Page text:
English
 
User Manual Privacy Policy Disclaimer Contact us
  Advanced SearchBrowse

Item

ITEM ACTIONSEXPORT

Released

Journal Article

When the brain takes ‘BOLD’ steps: Real-time fMRI neurofeedback can further enhance the ability to gradually self-regulate regional brain activation

MPS-Authors
/persons/resource/persons147461

Weiskopf,  Nikolaus
Department Neurophysics (Weiskopf), MPI for Human Cognitive and Brain Sciences, Max Planck Society;
Wellcome Trust Centre for Neuroimaging, University College London, United Kingdom;

Locator
There are no locators available
Fulltext (public)

Sorger_2018.pdf
(Publisher version), 2MB

Supplementary Material (public)
There is no public supplementary material available
Citation

Sorger, B., Kamp, T., Weiskopf, N., Peters, J. C., & Goebel, R. (2016). When the brain takes ‘BOLD’ steps: Real-time fMRI neurofeedback can further enhance the ability to gradually self-regulate regional brain activation. Neuroscience. doi:10.1016/j.neuroscience.2016.09.026.


Cite as: http://hdl.handle.net/11858/00-001M-0000-002C-3092-A
Abstract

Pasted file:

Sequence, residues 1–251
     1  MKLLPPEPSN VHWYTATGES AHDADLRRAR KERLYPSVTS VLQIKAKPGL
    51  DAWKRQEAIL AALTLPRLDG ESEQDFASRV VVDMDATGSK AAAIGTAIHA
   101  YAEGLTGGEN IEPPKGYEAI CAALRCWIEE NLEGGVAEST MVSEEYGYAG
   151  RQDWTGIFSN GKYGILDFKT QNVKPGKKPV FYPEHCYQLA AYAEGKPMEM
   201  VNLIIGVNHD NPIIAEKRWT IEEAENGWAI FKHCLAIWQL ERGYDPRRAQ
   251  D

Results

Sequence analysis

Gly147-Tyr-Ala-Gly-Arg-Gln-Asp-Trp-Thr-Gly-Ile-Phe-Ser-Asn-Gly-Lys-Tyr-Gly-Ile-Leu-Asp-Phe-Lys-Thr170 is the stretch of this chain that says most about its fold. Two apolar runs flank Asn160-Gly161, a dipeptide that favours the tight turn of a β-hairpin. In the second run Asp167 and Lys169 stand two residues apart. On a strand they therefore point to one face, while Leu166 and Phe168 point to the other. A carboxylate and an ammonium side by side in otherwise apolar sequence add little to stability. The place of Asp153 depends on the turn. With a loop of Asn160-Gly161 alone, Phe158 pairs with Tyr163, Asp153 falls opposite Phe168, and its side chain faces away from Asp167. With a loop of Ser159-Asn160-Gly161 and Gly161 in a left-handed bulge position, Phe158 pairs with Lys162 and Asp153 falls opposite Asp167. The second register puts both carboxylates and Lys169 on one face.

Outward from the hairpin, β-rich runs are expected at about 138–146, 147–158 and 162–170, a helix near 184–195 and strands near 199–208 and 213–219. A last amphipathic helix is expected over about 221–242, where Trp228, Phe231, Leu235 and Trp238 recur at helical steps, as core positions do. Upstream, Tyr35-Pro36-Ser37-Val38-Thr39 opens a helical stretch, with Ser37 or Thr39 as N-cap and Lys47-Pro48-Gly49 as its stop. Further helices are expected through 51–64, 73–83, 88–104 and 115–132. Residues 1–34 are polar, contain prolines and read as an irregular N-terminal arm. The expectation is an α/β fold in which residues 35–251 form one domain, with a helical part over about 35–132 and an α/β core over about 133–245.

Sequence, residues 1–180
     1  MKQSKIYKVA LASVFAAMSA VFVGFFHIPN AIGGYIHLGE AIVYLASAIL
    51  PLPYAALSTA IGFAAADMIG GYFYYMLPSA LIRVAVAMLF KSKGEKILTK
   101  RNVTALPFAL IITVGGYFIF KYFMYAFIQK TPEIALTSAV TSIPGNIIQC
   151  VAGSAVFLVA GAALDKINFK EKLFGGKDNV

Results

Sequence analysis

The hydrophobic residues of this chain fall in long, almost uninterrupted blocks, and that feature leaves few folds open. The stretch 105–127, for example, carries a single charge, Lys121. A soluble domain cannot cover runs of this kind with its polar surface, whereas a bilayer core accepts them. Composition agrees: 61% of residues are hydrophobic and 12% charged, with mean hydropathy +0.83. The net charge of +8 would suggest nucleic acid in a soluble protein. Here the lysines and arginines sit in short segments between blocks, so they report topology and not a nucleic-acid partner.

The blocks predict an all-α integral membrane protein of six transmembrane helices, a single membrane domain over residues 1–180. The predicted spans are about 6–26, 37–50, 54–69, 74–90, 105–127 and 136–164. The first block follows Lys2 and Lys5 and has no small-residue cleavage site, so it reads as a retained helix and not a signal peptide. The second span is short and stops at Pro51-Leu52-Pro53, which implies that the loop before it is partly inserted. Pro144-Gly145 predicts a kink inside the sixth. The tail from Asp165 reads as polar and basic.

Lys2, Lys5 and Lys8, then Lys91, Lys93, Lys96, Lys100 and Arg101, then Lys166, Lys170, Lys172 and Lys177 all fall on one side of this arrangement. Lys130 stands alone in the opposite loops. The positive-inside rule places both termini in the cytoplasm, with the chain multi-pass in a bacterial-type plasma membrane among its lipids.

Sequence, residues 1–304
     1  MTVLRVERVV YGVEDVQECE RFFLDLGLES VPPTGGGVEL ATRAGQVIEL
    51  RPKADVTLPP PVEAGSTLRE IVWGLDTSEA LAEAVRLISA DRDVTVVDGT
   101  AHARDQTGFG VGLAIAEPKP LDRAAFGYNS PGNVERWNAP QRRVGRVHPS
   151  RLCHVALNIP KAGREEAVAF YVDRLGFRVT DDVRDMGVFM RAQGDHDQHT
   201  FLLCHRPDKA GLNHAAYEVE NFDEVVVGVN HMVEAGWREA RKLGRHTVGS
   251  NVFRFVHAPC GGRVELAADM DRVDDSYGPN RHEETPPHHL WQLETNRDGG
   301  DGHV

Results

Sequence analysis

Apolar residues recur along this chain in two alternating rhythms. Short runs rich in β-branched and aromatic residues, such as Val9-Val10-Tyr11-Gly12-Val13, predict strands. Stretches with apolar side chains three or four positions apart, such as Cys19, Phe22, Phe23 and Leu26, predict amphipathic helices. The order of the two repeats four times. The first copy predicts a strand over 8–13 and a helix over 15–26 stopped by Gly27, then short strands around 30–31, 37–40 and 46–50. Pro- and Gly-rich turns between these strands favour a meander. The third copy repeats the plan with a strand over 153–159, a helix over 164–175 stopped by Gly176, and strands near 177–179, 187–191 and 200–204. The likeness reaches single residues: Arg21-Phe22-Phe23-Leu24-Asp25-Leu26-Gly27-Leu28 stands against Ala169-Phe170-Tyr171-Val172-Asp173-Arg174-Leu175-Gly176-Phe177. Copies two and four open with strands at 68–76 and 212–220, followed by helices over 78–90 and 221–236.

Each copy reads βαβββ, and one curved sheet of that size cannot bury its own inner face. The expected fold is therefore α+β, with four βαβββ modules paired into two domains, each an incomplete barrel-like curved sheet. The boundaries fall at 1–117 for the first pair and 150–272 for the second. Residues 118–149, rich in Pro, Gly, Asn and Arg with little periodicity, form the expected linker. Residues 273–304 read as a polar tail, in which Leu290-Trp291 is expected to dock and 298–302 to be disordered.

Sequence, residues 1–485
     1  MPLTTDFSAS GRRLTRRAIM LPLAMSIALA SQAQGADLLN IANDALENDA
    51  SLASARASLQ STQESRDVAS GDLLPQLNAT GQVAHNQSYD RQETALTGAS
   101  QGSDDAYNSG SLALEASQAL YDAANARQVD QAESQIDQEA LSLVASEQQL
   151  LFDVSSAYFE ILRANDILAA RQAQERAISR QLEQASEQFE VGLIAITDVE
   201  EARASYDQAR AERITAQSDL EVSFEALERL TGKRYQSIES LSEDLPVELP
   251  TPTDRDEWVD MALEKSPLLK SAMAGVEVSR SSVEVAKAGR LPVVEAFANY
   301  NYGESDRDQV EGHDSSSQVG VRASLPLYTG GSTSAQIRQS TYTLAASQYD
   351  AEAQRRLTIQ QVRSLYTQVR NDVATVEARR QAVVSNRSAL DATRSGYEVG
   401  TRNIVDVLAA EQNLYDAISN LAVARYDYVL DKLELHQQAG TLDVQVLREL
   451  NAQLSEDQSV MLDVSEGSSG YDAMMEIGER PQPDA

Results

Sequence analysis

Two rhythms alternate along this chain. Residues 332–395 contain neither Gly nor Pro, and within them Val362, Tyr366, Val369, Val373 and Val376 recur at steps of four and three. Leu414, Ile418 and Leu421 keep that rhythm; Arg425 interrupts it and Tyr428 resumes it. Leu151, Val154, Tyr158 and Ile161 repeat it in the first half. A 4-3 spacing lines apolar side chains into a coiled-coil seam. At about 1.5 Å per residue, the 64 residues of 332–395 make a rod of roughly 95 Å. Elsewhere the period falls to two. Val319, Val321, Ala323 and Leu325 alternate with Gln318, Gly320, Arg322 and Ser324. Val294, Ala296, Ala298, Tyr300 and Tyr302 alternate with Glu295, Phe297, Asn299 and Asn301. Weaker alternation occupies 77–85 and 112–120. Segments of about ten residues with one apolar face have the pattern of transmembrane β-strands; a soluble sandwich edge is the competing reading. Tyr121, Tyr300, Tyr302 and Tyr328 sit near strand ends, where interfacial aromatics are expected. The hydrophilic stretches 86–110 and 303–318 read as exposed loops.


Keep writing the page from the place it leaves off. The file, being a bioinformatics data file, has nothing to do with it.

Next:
Brain-computer interfaces (BCIs) based on real-time functional magnetic resonance imaging (rtfMRI) are currently explored in the context of developing alternative (motor-independent) communication and control means for the severely disabled. In such BCI systems, the user encodes a particular intention (e.g., an answer to a question or an intended action) by evoking specific mental activity resulting in a distinct brain state that can be decoded from fMRI activation. One goal in this context is to increase the degrees of freedom in encoding different intentions, i.e., to allow the BCI user to choose from as many options as possible. Recently, the ability to voluntarily modulate spatial and/or temporal blood oxygenation level-dependent (BOLD)-signal features has been explored implementing different mental tasks and/or different encoding time intervals, respectively. Our two-session fMRI feasibility study systematically investigated for the first time the possibility of using magnitudinal BOLD-signal features for intention encoding. Particularly, in our novel paradigm, participants (n=10) were asked to alternately self-regulate their regional brain-activation level to 30%, 60% or 90% of their maximal capacity by applying a selected activation strategy (i.e., performing a mental task, e.g., inner speech) and modulation strategies (e.g., using different speech rates) suggested by the experimenters. In a second step, we tested the hypothesis that the additional availability of feedback information on the current BOLD-signal level within a region of interest improves the gradual-self regulation performance. Therefore, participants were provided with neurofeedback in one of the two fMRI sessions. Our results show that the majority of the participants were able to gradually self-regulate regional brain activation to at least two different target levels even in the absence of neurofeedback. When provided with continuous feedback on their current BOLD-signal level, most participants further enhanced their gradual self-regulation ability. Our findings were observed across a wide variety of mental tasks and across clinical MR field strengths (i.e., at 1.5T and 3T), indicating that these findings are robust and can be generalized across mental tasks and scanner types. The suggested novel parametric activation paradigm enriches the spectrum of current rtfMRI-neurofeedback and BCI methodology and has considerable potential for fundamental and clinical neuroscience applications.